The Speaker, Rebecca Kadaga has directed the Minister for Trade Industry and Cooperatives to present a report on the fate of manufacturers of jaggery in Uganda, a by-product of sugarcane.
In her Communication to the House on Tuesday, 17 March 2020, Kadaga tasked the Trade Minster to address Parliament on the impact of the Enguli (Manufacture and Licensing) Act 1996, particularly Section 13 which prohibits the manufacture of jaggery unless one has a license from the Minister.
“I met famers in Kitayunjwa last Saturday and they are still complaining that they are being arrested for producing jaggery. There is an opportunity for Government to construct a factory for the indigenous people but if they are not allowed to add value to the sugarcane, this would not be good,” said Kadaga.
The Speaker also said there was information that a number of milling licenses had been issued but were redundant, which she said was being done with the intention of having limited participation in the sugarcane industry.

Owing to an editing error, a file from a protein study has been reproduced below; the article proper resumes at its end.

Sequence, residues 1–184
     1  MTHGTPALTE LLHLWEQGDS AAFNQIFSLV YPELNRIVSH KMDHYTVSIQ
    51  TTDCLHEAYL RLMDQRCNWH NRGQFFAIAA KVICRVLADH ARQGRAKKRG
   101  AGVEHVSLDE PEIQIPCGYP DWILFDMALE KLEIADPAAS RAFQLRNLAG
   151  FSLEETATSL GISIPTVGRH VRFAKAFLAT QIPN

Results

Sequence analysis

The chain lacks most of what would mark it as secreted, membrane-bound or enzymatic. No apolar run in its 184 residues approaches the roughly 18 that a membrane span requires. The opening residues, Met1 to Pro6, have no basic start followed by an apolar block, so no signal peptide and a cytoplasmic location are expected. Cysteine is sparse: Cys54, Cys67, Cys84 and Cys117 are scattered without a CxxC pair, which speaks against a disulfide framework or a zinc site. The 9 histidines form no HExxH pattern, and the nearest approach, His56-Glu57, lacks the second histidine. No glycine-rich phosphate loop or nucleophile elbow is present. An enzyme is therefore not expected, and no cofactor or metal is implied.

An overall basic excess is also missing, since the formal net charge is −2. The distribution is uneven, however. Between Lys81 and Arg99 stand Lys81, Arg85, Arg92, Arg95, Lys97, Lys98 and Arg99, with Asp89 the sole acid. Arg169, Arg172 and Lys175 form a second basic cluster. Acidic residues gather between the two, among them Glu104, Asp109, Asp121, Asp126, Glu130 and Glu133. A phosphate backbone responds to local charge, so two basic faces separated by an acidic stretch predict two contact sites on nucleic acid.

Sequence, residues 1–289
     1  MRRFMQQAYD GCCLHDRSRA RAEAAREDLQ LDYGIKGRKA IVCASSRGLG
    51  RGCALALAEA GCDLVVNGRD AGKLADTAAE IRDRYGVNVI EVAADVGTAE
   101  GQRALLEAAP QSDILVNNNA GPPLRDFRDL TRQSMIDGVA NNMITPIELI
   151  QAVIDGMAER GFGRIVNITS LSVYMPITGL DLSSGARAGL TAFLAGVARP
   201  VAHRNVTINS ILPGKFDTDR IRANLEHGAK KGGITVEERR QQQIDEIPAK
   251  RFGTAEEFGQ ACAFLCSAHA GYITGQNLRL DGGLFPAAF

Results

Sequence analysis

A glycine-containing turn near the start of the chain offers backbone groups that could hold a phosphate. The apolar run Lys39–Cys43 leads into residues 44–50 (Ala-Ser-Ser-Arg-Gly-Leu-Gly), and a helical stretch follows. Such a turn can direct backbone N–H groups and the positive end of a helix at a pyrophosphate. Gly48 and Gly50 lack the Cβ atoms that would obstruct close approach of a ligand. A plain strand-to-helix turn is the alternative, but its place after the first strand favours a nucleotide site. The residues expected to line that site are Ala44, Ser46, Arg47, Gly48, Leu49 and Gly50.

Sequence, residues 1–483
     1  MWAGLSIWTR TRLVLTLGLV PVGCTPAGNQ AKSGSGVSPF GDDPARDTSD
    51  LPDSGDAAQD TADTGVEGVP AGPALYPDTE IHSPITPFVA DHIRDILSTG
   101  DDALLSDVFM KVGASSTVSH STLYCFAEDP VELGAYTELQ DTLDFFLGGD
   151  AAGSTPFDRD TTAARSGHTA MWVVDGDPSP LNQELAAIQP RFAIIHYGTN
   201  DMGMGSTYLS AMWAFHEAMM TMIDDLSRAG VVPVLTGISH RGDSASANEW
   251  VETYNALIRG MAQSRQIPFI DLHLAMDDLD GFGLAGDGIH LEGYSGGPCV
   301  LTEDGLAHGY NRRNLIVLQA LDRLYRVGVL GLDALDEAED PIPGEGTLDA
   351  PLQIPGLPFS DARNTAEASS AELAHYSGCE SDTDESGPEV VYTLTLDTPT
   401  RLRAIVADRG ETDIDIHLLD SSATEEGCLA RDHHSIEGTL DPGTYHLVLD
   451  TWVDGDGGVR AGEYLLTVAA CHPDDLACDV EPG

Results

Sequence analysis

“I want the Minister for Trade to give us a census of the licenses that have been issued, which ones are active and which ones are redundant so that we can decide on what to do with them,” Kadaga said.
Members of Parliament tasked Government to offer more support to small-scale local manufacturers in a bid to promote innovation, growth and push forward the ‘Buy Uganda Build Uganda’ concept.
“Since 1930, there have been no Ugandans who have established sugar factories, most of which have been set up by Indians. Ugandans started their jaggeries progressively and if we do not support them, then we shall not get people who can innovate using our sugarcane,” said Hon. Michael Timuzigu (NRM, Kajara County)
Hon. Godfrey Macho (NRM, Busia Municipality) said the hoarding of licenses has reduced the development of many sugarcane growing areas in Uganda, adding that, “Parliament needs to discuss these monopolies because these people control the prices of cane to upset the growers.”
Bugabula South MP, Hon. Henry Kibalya said there is urgent need to establish why Government was having jaggery operators arrested yet most of them were working hard to raise funds to send their children to school.
State Minister for Trade, Hon Michael Werikhe said the Ministry will establish reasons for the arrest of Ugandans dealing in manufacture of jaggery and present a report to Parliament.
“Government regrets that jaggery operators are being arrested, yet they are licensed by the local authorities according to the Enguli Act. The new Sugar Bill provides for the licensing and protection of these operators,” said Werikhe.